Hours after I return from Bhutan’s Mountain Echoes literature festival, I find myself rather appropriately elbow-deep in books. Lit fests open windows to this closed world. Namita Bhandare writes.
The most basic human act of one person telling another ‘I feel your pain,’ seems singularly absent in the landscape of Indian political-speak across parties and ideology. Namita Bhandare writes.
The juvenile justice system needs many changes to reflect social reality. Namita Bhandare writes.
A State can make it mandatory to look after the elderly. But what about emotional care? Namita Bhandare writes.
Despite numerous attacks, there are no street protests demanding justice for the victims of acid violence. No campaigns for the basic demand for the ban of acid sales, writes Namita Bhandare.
Never before has India’s lack of leadership been as depressingly obvious as it has been in the past few weeks. Never before has the moral vacuum that accompanies those in charge been so apparent. Namita Bhandare writes.
In India, we’re leap years away from giving women a just work environment. Namita Bhandare writes.
On Mother’s Day, spare a thought for the sufferings of millions of women. Namita Bhandare writes.
Elections in India are not decided by Twitter trends or 'likes' on Facebook. Namita Bhandare writes.
We must say ‘no’ to insensitive advertisements featuring women. If we are to change the way the industry sees women, then that change comes from the effectiveness of the industry to regulate itself. Namita Bhandare writes.
Hand on heart, how many of you cheered, or at least felt a bit relieved when you woke up to news of the death of Ram Singh, one of the principal accused in the Delhi December 16 gang-rape case? Namita Bhandare writes.
They might inspire fear, but the boards also bring parents closer to children.
Our failure to protest loudly enough makes us complicit with weak governance. It’s a silence that threatens democratic ideas and places every citizen, regardless of ideology, at peril, Namita Bhandare writes.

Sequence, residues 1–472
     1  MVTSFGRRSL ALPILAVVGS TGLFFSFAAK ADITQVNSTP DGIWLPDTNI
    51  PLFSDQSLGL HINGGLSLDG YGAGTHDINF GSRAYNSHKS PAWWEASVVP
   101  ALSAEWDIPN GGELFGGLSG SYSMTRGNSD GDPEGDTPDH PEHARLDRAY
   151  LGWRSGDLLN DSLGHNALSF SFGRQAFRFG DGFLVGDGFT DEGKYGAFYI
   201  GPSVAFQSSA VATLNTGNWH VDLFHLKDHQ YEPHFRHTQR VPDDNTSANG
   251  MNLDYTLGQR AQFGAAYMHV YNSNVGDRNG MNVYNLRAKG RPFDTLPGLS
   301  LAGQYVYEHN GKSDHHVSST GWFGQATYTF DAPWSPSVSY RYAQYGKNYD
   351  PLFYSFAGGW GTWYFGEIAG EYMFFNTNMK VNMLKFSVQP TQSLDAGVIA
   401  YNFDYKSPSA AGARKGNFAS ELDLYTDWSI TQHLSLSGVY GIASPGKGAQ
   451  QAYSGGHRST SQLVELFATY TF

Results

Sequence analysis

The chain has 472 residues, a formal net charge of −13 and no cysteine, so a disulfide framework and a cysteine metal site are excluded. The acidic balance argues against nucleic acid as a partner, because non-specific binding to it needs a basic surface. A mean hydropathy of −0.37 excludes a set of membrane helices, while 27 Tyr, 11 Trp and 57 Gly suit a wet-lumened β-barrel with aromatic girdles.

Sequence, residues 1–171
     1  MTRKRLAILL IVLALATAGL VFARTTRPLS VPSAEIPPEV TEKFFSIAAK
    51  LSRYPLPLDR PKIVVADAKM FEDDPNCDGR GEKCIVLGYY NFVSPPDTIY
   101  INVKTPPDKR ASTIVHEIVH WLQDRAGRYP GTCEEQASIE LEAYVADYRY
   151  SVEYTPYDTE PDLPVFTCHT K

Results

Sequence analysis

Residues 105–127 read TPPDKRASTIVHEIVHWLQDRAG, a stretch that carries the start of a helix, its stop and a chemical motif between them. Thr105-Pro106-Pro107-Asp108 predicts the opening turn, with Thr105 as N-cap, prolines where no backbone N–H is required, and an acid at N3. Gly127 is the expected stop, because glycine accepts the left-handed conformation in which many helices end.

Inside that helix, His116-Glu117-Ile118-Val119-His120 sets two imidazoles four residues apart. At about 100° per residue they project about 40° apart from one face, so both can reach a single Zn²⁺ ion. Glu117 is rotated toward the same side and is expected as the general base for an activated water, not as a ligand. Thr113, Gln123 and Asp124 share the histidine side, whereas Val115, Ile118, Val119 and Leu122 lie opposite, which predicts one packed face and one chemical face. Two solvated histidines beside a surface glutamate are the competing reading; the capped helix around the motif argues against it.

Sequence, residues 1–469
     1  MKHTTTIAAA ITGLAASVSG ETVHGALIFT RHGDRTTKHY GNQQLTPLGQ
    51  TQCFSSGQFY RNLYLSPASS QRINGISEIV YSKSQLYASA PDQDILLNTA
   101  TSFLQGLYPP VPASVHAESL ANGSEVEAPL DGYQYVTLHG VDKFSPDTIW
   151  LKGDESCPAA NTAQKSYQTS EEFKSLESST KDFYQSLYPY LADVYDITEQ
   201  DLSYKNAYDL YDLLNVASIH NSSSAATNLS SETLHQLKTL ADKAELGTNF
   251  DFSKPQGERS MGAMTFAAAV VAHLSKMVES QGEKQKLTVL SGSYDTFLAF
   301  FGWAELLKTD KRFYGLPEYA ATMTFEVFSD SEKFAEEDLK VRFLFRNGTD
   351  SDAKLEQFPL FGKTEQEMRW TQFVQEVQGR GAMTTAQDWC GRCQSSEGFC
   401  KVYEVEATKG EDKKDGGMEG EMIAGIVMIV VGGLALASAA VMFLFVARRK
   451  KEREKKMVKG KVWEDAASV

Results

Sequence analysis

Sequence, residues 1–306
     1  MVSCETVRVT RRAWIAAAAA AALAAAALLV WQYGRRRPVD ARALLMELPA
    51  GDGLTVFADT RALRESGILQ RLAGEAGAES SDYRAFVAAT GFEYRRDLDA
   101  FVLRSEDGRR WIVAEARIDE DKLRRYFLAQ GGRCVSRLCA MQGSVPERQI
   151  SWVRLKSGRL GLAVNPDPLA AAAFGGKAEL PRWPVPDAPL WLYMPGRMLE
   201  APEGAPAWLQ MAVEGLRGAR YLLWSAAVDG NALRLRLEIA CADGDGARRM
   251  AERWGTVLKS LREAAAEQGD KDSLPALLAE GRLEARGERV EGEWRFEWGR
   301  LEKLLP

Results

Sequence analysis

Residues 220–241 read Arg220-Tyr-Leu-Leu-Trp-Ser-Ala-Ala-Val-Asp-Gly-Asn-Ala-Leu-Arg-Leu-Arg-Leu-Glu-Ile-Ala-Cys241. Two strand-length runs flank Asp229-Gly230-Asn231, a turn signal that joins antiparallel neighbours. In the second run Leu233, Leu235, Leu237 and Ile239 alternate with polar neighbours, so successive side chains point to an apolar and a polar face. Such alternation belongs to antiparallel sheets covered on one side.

In the small room they call home, the family of the girl known as Delhi's Braveheart is trying to come to terms with its loss. Already there is no evidence that she lived here only a month ago. Namita Bhandare writes.
Things are changing: Gender issues are now a part of the mainstream discourse, writes Namita Bhandare.
A terrible thing happened to a girl who was trying to get back home after a movie. To not respond or speak or rage or demand change would make us less than human, writes Namita Bhandare.
A memorial is not just about building the tallest, biggest, grandest statue. Namita Bhandare writes.
In death, people have ceased to be objective about late Shiv Sena chief Bal Thackeray. Namita Bhandare writes.
The sudden ban on the entry of women by the trustees at Haji Ali could set a very dangerous precedent. If women are excluded today, it could be non-Muslims tomorrow. Namita Bhandare writes.
The problem is not that women have views. The problem is they don't find expression. Namita Bhandare writes.
A spate of rapes is not the occasion to score political brownie points. Instead of blaming women for crimes against them, maybe it’s time to start putting blame where it belongs. Namita Bhandare writes.
Women want rape to be treated as an awful crime, minus the added sting of honour. Namita Bhandare writes.
Hosanagara Nagaraje Gowda Girisha is praying for gold in 2016. If you're asking, 'Hosanagara who?' then you're probably not alone. Namita Bhandare writes.
Manu Ghosh has told her story many times and now she is exhausted. “You will write and go away, but for me, nothing changes,” she says, sitting on her hard wooden bed at the Meera Sahbhagini Mahila Ashray Sadan in Vrindavan.
It isn't tough to instil civic sense. We just need political will and responsible people. Namita Bhandare writes.
There's a message for women in the victories of Mary Kom and Saina Nehwal. Namita Bhandare writes.
For value education to succeed, the first lessons must begin at home. Namita Bhandare writes.
Let the Guwahati molestation case be the tipping point for change. Namita Bhandare writes.
The attack on an African student underlines our prejudice against 'outsiders'. Namita Bhandare writes.